Whether materials become softer or more malleable during processing, or have smooth surfaces with low frictional loss, depends on the actual substances they consist of and their structures. “To make the often complex geometry of a material more visible, a variety of new techniques have now been developed. Not only can we chemically analyze materials to see which atoms they contain, we can even illustrate the lattice structures of crystals and show the nanostructures that are formed out of them,” explains Mücklich. The new APT technique even makes it possible to look into the very heart of materials and determine the spatial positioning of atoms. “With the insights this provides, we can optimize existing materials and develop completely new materials,” states Frank Mücklich.
The new laboratory, located at the Steinbeis Research Center for Material Engineering in Saarland; is now equipped with the world’s leading full-size atom probe for carrying out material tomography. Produced by CAMECA ™, an American based company, the Local Electrode Atom Probe (LEAP) instrument was funded with the support of the German Research Foundation. It supplements the 2D and 3D analysis equipment already installed in laboratories on the campus. Nano-scale tomography produces similar images to those produced by computer tomography used in medical fields. The difference is that the material being examined is not radiographed. Instead, atoms are field evaporated as ions from a sharp needle-shaped sample by the application of high voltage fields. The flying ions are then collected by a position sensitive detector, where the position of each ion impact is used to build a virtual 3D reconstruction representing the evaporated volume from the sample.
Prof. Dr. Frank Mücklich
Steinbeis Research Center Material Engineering Center Saarland (MECS, Saarbrücken)
One of the core activities of the Strategy & Innovation Steinbeis Consulting Center (SCC) is to support innovative projects in trade and industry. The SCC has recently launched Herzflair.de, a website which supports social causes in different areas of Germany by selling premium gifts and event vouchers.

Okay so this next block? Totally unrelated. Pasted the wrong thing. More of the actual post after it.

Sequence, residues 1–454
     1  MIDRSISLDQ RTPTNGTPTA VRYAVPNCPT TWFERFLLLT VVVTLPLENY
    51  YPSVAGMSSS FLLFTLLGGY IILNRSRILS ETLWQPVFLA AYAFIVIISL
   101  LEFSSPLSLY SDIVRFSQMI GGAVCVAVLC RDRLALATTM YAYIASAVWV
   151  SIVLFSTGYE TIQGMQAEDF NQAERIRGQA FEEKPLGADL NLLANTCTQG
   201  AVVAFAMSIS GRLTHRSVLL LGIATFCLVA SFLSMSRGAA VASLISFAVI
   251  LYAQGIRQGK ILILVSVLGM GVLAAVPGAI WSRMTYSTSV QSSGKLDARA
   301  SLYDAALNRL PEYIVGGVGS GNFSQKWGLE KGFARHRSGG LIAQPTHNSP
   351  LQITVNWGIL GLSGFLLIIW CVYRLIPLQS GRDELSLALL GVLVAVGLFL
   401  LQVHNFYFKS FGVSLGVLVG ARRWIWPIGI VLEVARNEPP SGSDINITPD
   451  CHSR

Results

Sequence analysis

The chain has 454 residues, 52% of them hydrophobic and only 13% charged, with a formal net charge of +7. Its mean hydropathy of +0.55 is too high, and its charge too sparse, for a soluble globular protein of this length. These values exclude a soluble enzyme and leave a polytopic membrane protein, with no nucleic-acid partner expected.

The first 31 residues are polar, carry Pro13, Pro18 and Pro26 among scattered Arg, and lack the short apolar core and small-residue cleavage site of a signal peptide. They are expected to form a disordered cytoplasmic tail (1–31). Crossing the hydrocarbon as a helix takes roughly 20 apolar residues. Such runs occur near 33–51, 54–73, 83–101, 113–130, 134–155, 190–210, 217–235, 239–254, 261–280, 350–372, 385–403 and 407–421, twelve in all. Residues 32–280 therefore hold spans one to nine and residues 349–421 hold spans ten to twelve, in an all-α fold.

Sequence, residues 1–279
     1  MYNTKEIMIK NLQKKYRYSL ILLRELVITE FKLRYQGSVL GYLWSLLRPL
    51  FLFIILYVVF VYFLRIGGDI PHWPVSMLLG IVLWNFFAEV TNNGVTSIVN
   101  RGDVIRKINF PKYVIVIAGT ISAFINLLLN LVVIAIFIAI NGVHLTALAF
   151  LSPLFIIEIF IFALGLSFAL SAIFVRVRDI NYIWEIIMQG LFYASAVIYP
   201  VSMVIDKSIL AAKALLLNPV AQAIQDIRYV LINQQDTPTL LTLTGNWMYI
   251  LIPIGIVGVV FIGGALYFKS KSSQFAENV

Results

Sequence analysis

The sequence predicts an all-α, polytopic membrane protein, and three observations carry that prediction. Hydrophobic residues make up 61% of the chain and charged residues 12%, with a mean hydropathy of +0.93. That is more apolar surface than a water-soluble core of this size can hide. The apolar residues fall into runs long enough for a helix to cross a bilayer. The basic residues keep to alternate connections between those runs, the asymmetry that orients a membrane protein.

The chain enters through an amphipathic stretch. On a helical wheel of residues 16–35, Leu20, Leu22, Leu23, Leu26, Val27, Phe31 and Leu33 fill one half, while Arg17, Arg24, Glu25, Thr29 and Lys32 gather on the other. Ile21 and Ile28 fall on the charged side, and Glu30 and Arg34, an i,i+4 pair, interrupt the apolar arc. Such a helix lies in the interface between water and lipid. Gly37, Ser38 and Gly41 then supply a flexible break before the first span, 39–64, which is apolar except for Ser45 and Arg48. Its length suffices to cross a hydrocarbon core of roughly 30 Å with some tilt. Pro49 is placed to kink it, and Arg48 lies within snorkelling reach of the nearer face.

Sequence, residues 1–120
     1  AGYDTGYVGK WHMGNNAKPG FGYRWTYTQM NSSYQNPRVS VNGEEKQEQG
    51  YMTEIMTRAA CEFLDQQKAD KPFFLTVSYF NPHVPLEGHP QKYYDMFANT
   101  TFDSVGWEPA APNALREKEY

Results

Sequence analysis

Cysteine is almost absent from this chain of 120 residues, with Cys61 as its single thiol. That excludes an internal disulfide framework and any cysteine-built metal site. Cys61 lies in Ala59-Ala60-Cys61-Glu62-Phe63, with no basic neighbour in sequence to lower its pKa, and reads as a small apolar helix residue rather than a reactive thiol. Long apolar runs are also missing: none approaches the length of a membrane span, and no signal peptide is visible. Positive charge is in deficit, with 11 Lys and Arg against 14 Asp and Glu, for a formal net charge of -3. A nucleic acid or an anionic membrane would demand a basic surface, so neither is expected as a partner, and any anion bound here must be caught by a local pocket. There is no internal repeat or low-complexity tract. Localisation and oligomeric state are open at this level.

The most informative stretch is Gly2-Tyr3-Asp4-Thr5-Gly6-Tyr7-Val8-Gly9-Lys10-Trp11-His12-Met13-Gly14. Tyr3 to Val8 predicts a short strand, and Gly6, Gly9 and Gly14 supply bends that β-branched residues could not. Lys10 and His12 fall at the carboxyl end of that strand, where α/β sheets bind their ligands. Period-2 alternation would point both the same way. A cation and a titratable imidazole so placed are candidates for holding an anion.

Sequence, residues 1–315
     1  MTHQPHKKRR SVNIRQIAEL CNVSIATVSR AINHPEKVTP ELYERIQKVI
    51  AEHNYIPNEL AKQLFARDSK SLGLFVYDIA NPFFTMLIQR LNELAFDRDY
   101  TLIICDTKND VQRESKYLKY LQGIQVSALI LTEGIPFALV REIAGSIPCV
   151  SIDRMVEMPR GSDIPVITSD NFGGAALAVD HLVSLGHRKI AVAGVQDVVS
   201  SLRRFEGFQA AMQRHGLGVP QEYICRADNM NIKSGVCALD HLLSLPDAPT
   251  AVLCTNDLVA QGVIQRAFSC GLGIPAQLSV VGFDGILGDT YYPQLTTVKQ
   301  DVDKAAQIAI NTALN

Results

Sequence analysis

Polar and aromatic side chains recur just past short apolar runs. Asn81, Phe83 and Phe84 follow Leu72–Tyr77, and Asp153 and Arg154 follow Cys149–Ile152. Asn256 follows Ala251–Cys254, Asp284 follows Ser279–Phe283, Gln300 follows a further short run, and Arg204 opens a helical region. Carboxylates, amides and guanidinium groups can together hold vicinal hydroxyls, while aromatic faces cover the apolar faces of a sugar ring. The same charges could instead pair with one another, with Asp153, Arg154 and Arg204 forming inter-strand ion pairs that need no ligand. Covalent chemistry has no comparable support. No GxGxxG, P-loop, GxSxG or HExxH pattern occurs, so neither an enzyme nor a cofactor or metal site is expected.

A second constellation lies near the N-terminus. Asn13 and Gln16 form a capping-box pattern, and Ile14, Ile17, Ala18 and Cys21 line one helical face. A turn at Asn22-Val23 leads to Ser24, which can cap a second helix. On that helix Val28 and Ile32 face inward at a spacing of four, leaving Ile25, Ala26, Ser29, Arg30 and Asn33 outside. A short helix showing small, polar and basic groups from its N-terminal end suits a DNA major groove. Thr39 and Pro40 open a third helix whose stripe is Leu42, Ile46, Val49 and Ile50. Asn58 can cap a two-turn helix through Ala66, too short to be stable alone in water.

In the run-up to Christmas, there is a greater tendency to want to help people in need. But charities also need support at other times of the year, especially local charities, which generally do not occupy the limelight as much as the big ones. Many clubs and social initiatives offer wide-ranging support to give hope to people who have hit on hard times. Most work is unpaid or on a voluntary basis. To provide as many people as possible with grassroots support, these social causes need financial backing.
It was this thought that fuelled the concept behind the Herzflair.de website – to combine helping others with the trend toward online shopping. The online outlet for specialty gifts makes a fixed donation to local charities for every article sold. Next to the price of each item are the proceeds that go to charity. These are already included in the sale price, without surcharge. Herzflair.de automatically channels proceeds to charity after each sale. This way, customers can support the work of charities without paying an extra fee. To make sure people also get to hear about the kind actions of others, each gift comes with a tag about the donation and the project being supported. The buyers decide which charity the gift proceeds should go toward. They can even suggest new charities, beyond those social causes already checked by Herzflair.de.
The Steinbeis center also places emphasis on which products are sold. The range includes products specially designed by artists from Germany and England, as well as gifts and decorative items produced in social enterprises, which are produced to a very high standard. Jewelry and event vouchers are also sold, as well as a variety of interesting gift ideas that offer a little something different, and make a difference to others.